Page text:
If there’s one place where the film is at its best, it’s in the technical categories. Alexandre Desplat again delivers another winning score. It should be no surprise Desplat is composer of the year. Roger Deakins again delivers another excellent cinematography job, the set areas were very realistic to the World War II era with its set time and with its war-like grittiness and the action sequences were also excellent.
Unbroken is a very good, very enjoyable movie about a remarkable story. However it would’ve been better released in the summer or the fall instead of Oscar time. Still very much worth watching.
“I wish I had cancer. At least then people wear pink ribbons for you, and they go on long walks.”
It’s always a question whether it’s possible to have a film about Alzheimer’s Disease that’s watchable. The latest film making that attempt is Still Alice. I believe it does so.
Alice Howland is a 50 year-old woman who appears to have it made: a college professor who just published a book on linguistics, an active person recreationally, a wife to a loving and supportive husband and a mother to three adult children. One of which is married and about to be a mother to twins. However something goes noticeably wrong during a lecture about her book. She has a mental lapse she mistakes for an effect of alcohol. Soon there are more mental lapses, especially while jogging around campus and while giving lectures. Even reintroducing herself to Tom’s girlfriend causes people to wonder. Alice seeks a doctor’s attention immediately. She’s given the news: Alzheimer’s. She’s victim to a gene that brings on Alzheimer’s at an early age.
The family is devastated to hear the news. The children even have to get tested to see if they carry the gene. Anna bares the gene but her yet-to-be-born twins are immune. Nevertheless the family tries to go about the best they can while trying to be a help to Alice. However the changes are as hard for them as it is for Alice herself. Firstly Alice will have to give up her professor job. Going to an Alzheimer’s ward in a nursing and witnessing the patients leaves her upset about her future to the point she plans her own suicide using a marked bottle full of pills and a video file on her computer named ‘Butterfly’ of herself instructing her to take all the pills in the bottle. Family friction happens over time as her husband John notices changes in her thinking and Lydia overreacts after she learns Alice went through her theatre notes.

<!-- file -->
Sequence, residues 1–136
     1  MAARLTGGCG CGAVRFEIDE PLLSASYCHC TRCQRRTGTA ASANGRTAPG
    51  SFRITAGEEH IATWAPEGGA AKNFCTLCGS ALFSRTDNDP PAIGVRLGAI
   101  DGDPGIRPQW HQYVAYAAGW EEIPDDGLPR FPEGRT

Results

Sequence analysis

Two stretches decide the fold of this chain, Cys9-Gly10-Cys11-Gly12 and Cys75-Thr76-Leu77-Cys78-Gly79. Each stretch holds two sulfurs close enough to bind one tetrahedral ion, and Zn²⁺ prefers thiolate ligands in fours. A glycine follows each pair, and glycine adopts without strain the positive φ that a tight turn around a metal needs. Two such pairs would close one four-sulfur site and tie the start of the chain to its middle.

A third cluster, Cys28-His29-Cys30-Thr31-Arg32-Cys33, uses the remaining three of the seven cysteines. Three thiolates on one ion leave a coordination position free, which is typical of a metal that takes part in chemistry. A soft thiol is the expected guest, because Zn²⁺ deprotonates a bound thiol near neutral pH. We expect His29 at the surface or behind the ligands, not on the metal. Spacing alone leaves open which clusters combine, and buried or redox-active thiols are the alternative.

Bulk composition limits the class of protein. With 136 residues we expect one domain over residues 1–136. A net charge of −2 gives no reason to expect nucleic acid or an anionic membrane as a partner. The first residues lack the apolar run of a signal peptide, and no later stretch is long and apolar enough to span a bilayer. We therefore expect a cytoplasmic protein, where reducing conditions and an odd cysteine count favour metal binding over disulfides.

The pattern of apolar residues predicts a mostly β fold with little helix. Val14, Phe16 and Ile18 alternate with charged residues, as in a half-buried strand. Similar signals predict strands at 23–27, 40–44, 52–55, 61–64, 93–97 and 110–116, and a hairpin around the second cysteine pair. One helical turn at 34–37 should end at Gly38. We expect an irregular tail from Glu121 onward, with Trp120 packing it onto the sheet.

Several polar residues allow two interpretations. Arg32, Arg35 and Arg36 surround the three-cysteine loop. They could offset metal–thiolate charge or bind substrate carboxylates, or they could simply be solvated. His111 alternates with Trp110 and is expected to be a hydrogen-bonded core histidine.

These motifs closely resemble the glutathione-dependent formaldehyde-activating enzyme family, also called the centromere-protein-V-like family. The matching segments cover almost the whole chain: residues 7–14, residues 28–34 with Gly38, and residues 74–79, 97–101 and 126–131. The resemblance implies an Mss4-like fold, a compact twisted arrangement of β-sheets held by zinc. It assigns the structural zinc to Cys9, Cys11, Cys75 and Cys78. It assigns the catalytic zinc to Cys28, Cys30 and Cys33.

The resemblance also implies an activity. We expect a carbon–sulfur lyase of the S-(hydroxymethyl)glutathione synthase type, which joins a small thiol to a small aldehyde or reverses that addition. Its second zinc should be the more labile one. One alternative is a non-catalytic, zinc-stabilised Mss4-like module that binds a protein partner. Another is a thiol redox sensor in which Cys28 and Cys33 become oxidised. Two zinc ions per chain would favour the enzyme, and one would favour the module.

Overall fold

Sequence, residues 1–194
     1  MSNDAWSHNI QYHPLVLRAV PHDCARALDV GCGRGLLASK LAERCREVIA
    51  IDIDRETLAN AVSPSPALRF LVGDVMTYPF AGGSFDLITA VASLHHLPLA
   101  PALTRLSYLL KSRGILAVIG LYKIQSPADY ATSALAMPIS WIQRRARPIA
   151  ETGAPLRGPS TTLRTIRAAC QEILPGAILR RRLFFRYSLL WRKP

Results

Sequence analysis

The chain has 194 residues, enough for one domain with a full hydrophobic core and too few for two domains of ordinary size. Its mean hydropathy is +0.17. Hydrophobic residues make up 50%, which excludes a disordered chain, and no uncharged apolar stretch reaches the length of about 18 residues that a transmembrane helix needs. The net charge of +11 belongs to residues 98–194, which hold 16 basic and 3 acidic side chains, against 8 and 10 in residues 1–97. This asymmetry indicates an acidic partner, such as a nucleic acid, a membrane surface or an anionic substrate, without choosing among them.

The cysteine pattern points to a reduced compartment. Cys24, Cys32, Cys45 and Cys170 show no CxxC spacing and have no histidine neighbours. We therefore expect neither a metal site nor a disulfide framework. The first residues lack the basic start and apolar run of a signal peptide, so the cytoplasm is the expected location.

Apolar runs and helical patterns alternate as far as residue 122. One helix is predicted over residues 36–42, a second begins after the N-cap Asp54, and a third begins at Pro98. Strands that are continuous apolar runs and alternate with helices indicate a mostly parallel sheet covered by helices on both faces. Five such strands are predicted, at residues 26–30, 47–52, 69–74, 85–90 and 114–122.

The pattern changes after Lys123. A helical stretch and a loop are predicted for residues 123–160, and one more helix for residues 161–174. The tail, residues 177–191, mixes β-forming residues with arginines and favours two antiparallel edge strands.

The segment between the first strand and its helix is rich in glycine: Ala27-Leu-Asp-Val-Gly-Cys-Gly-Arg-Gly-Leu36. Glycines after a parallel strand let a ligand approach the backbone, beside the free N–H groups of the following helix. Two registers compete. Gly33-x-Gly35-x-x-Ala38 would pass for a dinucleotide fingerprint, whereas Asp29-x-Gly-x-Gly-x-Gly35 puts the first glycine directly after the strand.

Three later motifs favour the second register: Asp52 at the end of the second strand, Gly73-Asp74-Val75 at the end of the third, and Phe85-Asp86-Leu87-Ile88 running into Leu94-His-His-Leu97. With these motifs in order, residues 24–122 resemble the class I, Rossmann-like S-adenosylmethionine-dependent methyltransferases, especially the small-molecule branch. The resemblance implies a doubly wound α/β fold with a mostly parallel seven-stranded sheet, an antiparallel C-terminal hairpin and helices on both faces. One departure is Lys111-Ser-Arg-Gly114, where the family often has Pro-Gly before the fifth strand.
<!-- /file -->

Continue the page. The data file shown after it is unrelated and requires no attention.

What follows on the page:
However things get better over time. John learns how to work with her fading abilities and become patient with her even in the case of her cellphone she misplaced a month earlier. Anna gives birth to the twins and she’s able to hold one of them. Her relationship with Lydia grows as Lydia shares her plays with her and gets Alice to see her perform in Angels In America where Alice feels the play. Even Alice is able to give a lecture to the local Alzheimer’s association where she delivers a speech she wrote herself and uses a highlighter to mark the notes she read as John and her son Tom watch. The speech is near perfect.